If the contribution level of a department or cost centre has dropped, then it does not make sense to allocate a high level of funds to that department.


Traditional budgets skip over this step, which means that there is a high risk of inefficient allocation of resources, resulting in overall inefficiency and loss of competitive edge for the organization.

2) Participatory Budgeting

Participatory or ‘bottoms up’ budgeting on the other hand involves all the management levels in the process of allocating the budget. As the name suggests, the full chain of command is involved. This budgeting system is now much more widely adopted, especially in district and county levels on public discourses.

Given that it is the middle and lower management-level employees who better know the ground realities of achievable and realistic data sets, they have an active role in designing the objectives, goals and estimating the expense needs. This is a more collaborative approach toward setting future expectations.

Another benefit to the management being involved in setting the budget, apart from more accurate information, is the motivational levels of the said employees. This is a positive psychological impact of participatory budgeting.

However, whereas the participatory budgeting counteracts the negatives presented by the traditional budgeting style, it is not without its own pitfalls.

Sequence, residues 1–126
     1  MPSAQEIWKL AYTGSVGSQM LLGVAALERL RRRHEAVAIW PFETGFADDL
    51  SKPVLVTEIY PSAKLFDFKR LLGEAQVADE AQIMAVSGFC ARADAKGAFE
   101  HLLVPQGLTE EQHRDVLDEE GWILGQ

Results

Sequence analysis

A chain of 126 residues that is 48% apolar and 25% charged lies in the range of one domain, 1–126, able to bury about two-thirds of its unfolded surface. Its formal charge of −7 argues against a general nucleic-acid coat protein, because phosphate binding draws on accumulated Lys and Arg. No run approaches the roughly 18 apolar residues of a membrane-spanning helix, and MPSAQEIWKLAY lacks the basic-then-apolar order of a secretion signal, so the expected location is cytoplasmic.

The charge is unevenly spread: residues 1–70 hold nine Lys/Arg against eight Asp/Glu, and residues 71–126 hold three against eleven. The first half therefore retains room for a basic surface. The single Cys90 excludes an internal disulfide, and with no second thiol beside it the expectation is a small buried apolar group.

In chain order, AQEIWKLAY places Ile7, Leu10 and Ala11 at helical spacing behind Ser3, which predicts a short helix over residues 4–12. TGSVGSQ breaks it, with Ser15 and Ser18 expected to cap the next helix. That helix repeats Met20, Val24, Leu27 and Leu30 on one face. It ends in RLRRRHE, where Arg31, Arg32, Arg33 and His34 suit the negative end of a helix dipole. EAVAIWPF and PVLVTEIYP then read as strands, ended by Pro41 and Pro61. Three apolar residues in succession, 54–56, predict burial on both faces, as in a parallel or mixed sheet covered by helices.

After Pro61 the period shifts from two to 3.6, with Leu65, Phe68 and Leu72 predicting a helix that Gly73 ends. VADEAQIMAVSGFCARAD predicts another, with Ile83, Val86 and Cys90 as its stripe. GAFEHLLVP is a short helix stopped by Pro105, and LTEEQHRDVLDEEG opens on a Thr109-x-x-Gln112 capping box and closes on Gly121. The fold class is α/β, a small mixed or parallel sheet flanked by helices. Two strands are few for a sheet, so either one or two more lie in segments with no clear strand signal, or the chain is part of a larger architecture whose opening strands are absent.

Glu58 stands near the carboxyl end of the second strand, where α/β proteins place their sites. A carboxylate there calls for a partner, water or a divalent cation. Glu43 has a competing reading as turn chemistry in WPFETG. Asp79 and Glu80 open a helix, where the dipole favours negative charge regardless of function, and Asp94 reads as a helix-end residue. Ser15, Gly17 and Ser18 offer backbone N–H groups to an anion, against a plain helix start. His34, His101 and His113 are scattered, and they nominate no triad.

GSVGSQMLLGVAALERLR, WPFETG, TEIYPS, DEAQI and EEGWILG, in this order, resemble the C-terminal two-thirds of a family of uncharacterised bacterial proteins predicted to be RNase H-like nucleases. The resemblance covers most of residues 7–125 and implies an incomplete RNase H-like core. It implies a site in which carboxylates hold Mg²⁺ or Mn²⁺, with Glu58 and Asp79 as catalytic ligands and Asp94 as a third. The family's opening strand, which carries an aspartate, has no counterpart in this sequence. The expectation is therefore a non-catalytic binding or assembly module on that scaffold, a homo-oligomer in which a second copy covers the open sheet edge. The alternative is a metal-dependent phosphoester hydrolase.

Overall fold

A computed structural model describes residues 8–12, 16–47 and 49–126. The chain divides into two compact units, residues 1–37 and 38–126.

Time Consuming: Comparatively, participatory budgeting is time consuming. Given the nature of adding the junior levels to contribute in budgetary preparation, there is a lot of to and fro with the executives. This in turn eats time.

Lagging Experience: The involvement of the junior management function also leads to another problem. Not all of them have any experience or skills in dealing with these executive jobs or have the foresight to be able to calculate the targets, production levels, raw materials required etc. or not pushing goals.

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Budget Slacking: This brings a major problem of participatory budgeting. If the process of preparing a participatory budget is not overseen by competitive management with relevant internal controls in place, the participatory budget may end up with a high level of budgetary slack incorporated into it.

Managers at every level would want to keep the budgetary targets to an easily attainable limit if their pay and bonuses are pegged to the attainment of certain performance targets.

Which is Better?

Both traditional and participatory budgets serve their own purposes and therefore it would not be right to say which one is better. Traditional budgets are most effective in situations where there is a certainty, the scope, and objectives of the budget and the organization are clear.

Most large organizations use traditional budgeting because it suits their organizational style and needs.

Participatory budgets on the other hand are more effective in organizations with a high level of decentralized working. They are more disruptive in approach, time consuming and also require some specific internal controls to prevent budgetary slack from skewing the budget.

Participatory budgets take a more “involved” approach, thereby affecting employee motivation and also creating a flow of information from the bottom to the top, thus making the upper management aware of issues that they may otherwise not have been aware of.

Therefore, it can be conclusively said that both traditional and participatory budgets have their uses and their pros and cons. It depends upon the management to determine which budgetary approach best suits the organization at any given point in time.